Help Cure Cancer by Playing a Game

March 4, 2014

9:00 am

A clever gaming app called “Play To Cure: Genes in Space” is helping scientists with cancer research by having players analyze data from real patients.  The mobile app is a potential game-changer in that it uses gamers as crowdsourced labor in processing immense amounts of data at virtually no cost.

Play To Cure was launched in February by Cancer Research UK, a nonprofit organization, to help medical researchers analyze vast volumes of genetic data from tumor samples.

Analyzing Cancer Data

Taking place in a futuristic setting, players guide a spaceship through an intergalactic course, gathering a fictional precious cargo called “Element Alpha.” However, they interact with real cancer data and provide analysis for genetic flaws that result in cancer.

By crowdsourcing the analysis to thousands of players around the world, scientists obtain access to free labor as well as accelerated research deemed faster and more accurate than computers alone.

An estimated 14 million people worldwide are diagnosed with cancer each year, according to the World Health Organization. The number is expected to rise to 22 million a year within the next 20 years.

Discovering Genetic Flaws

The players’ actions in the game help researchers see trends in genetic data, such as which genes are faulty in cancer patients. The information will help the pharmaceutical industry develop new drugs that target specific genetic faults. The scientists also hope they can find ways on how to stop cancer from developing in the first place.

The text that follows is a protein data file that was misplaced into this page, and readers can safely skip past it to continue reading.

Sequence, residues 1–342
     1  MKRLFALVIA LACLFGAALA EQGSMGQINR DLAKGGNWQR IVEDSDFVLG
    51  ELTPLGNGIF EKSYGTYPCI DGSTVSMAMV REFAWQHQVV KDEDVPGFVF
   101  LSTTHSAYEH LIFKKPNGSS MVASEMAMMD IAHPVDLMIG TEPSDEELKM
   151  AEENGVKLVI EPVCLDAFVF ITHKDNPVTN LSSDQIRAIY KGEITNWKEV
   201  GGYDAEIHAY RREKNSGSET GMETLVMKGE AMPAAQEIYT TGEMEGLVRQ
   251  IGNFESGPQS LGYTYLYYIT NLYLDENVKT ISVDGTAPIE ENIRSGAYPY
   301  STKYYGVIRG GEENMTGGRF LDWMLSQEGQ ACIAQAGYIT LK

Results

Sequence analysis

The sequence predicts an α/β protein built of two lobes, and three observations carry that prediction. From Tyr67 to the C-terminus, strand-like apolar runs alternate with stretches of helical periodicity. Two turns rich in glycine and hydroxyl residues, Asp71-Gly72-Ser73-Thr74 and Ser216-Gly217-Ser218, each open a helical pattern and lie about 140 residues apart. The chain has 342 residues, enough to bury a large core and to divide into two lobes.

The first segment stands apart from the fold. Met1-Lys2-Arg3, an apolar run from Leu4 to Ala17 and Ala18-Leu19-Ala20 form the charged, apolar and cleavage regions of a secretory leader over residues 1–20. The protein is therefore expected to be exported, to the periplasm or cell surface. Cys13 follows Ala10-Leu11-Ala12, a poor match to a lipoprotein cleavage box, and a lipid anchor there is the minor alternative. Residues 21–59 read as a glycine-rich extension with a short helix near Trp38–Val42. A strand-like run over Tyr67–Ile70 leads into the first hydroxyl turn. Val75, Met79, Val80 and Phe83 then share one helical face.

The app is available for download at PokerStars, which helped fund the innovative program. The Isle of Man-based gaming company sent programmers alongside teams from Facebook, Google, and Amazon Web Services to make the project possible.

Gene microarrays are useful for analyzing large genetic faults known as copy number alterations – when a whole section of the chromosome is gained or lost.

[Researchers] “need a way to work out which are the ones driving cancer, and which are just ‘passenger’ genes along for the ride,” according to a PokerStars press statement.  “Microarrays let scientists analyse DNA from many thousands of tumour samples simultaneously, to find the most frequent changes that are more likely to be the culprits.”

The scientists want to leverage the human eye, which is still the best technology for picking up these genetic patterns.

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Marvin Dumont is senior editor at and his byline has appeared on Forbes, Fox News and other outlets. He previously worked in M&A and holds MPA, BBA and BA degrees from the University of Texas at Austin. Contact:

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